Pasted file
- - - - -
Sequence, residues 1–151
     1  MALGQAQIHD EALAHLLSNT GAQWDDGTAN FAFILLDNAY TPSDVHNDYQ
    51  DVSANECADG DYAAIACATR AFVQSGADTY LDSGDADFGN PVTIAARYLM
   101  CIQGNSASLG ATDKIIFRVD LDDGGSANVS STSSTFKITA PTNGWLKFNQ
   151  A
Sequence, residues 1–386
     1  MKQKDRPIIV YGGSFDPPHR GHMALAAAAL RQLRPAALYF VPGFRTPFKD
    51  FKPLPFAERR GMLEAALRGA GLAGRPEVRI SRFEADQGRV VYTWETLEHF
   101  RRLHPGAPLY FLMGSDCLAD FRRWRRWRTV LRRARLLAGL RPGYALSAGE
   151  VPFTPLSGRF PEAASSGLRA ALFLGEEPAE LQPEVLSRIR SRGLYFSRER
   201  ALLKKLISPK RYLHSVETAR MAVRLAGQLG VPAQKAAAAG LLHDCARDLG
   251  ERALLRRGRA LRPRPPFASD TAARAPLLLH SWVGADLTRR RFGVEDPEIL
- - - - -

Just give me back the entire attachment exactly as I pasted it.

Sequence, residues 1–151
     1  MALGQAQIHD EALAHLLSNT GAQWDDGTAN FAFILLDNAY TPSDVHNDYQ
    51  DVSANECADG DYAAIACATR AFVQSGADTY LDSGDADFGN PVTIAARYLM
   101  CIQGNSASLG ATDKIIFRVD LDDGGSANVS STSSTFKITA PTNGWLKFNQ
   151  A
Sequence, residues 1–386
     1  MKQKDRPIIV YGGSFDPPHR GHMALAAAAL RQLRPAALYF VPGFRTPFKD
    51  FKPLPFAERR GMLEAALRGA GLAGRPEVRI SRFEADQGRV VYTWETLEHF
   101  RRLHPGAPLY FLMGSDCLAD FRRWRRWRTV LRRARLLAGL RPGYALSAGE
   151  VPFTPLSGRF PEAASSGLRA ALFLGEEPAE LQPEVLSRIR SRGLYFSRER
   201  ALLKKLISPK RYLHSVETAR MAVRLAGQLG VPAQKAAAAG LLHDCARDLG
   251  ERALLRRGRA LRPRPPFASD TAARAPLLLH SWVGADLTRR RFGVEDPEIL